Siri & Shortcuts in iOS 12

Easily the most impressive feature of iOS 12 is the integration of Workflow into the operating system as the recently-rebranded Siri Shortcuts. Apple’s on-stage demos of Siri Shortcuts have consisted of people explaining a half-dozen different actions these shortcuts perform, as funneled through one simple command. However, Siri shortcuts are also tremendously helpful at drilling down into an application to complete one task without opening that application when it would be inconvenient to do so.

For example, when I’m playing Clash Royale, which has been filling a strategic hole in my heart for some time, I often want to skip Overcast to the next chapter of the podcast I’m listening to. You can only take so many SquareSpace ads.

Before iOS 12, this meant flipping over to Overcast in the multitasking switcher, expanding the current podcast to fill the whole screen, and then tapping the next chapter arrow. Finally, I’d flip back to the game to see that I had lost one or all of my towers and the game was probably over.

In iOS 12, with Overcast 5, you can configure a list of shortcuts within the app to handle practically any function of the app from changing the playback speed to skipping the current chapter. That changes the scenario to one step, “Hey Siri, Overcast next chapter.” Siri isn’t always fast, but she is definitely faster than swapping to Overcast app and attempting to do the same thing.

There is a lot more functionality in Shortcuts that I haven’t even tried yet, and this example was only simplifying one task into one command instead of several tasks, but it feels obvious at this point that these programmable actions can alleviate some of the burden placed on users to adapt to iOS.

My main gripe with the Shortcuts functionality as it exists today, and with Siri in general, is that Siri takes over the whole screen when it isn’t necessary to do so. Many Siri activities that aren’t even shortcuts only necessitate a small confirmation that the requested action took place. The iPhone 6 Plus-sized devices (and especially the XS Max) cry out for a small window of the screen to pop-up a Siri response, then nobody will miss out on their game of Clash Royale just to skip a podcast ad.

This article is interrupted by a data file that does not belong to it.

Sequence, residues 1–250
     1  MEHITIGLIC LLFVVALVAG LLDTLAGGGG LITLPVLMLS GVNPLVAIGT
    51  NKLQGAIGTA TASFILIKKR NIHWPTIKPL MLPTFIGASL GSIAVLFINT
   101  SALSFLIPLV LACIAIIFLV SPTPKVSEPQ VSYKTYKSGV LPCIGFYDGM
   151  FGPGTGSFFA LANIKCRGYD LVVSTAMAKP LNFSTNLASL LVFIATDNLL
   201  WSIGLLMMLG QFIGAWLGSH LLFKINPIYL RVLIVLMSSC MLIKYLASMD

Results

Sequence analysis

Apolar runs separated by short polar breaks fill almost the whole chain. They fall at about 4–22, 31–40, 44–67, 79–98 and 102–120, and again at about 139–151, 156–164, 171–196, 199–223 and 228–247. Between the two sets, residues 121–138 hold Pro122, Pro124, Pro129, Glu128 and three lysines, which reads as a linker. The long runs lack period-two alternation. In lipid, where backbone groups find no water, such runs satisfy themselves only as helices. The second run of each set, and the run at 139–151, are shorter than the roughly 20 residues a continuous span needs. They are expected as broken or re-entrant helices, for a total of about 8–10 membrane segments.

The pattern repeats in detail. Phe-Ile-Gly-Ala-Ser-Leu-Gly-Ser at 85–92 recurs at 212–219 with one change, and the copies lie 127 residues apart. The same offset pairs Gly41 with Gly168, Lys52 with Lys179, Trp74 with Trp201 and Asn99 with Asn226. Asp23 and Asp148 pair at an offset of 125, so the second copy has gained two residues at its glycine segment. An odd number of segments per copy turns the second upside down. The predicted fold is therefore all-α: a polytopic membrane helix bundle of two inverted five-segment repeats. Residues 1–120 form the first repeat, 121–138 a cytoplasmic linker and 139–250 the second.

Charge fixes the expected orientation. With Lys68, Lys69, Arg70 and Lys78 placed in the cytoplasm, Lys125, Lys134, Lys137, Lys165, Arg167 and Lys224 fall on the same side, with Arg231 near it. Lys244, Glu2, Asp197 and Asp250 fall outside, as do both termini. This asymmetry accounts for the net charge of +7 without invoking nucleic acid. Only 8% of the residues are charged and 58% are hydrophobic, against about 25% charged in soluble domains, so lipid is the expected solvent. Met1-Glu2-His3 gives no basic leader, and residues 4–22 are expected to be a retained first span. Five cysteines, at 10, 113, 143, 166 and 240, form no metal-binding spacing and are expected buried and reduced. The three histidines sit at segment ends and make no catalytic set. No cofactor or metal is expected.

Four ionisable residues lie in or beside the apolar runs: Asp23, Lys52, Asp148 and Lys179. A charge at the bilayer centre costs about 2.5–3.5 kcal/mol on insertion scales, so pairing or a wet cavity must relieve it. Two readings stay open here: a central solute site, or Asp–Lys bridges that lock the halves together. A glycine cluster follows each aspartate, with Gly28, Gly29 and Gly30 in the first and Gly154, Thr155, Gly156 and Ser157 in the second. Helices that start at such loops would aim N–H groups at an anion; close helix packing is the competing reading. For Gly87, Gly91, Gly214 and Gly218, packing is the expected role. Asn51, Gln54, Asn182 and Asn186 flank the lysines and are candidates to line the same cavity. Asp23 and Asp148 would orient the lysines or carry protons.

Part of the problem that causes Apple to dedicate the entire screen to Siri may be the low confidence we all have in Siri to hear us correctly. Even today I couldn’t get my (Series 1) Apple Watch to understand a simple request for a timer (CW: misogynistic slur in text). The misunderstanding turned the request for a timer into a nasty message that I was surprised to read, then a few tries later it became a request for information about a movie I don’t want to see. Finally, I gave up and set the timer myself. On the iPhone a full-screen Siri response gives you the ability to see and edit the request if it was misunderstood like my 20 minute timer was on the Watch.

Once Apple’s confidence in Siri is higher, we may get that partial-screen response to our requests. I recommend keeping up with Shortcuts via MacStories.

Peace Pulled From App Store

Marco Arment:

I’ve pulled Peace from the App Store. I’m sorry to all of my fans and customers who bought this on my name, expecting it to be supported for longer than two days. It’ll keep working for a long time if you already have it, but with no updates.

If you want a refund, here’s how you do that.

It was the best ad blocker out there on iOS 9, because Marco could be trusted to do the right thing as he’s done previously with his apps. It’s a shame to see it pulled, but you’ve got to do what you feel is right. I’ll be switching back to Crystal.

iOS 9 Out; Go Block Ads

iOS 9 is out today for your iPhones and iPads. It is fine, I’ve been running the public betas for a long time now, you could read Federico Viticci’s 23 page review for a second opinion. My favorite feature is that you can now block advertisements and tracking sites (they know what you do and decide to advertise socks to you if you visit a shopping site that sells socks, or just sell your browsing data) using any of a huge list of content blocker apps. I will be using Marco Arment’s Peace, which seems to have the best options and defaults. Unfortunately this will only work in Safari and the mini-browser you see within apps. It won’t work inside Facebook or other apps that have advertising within them, for example.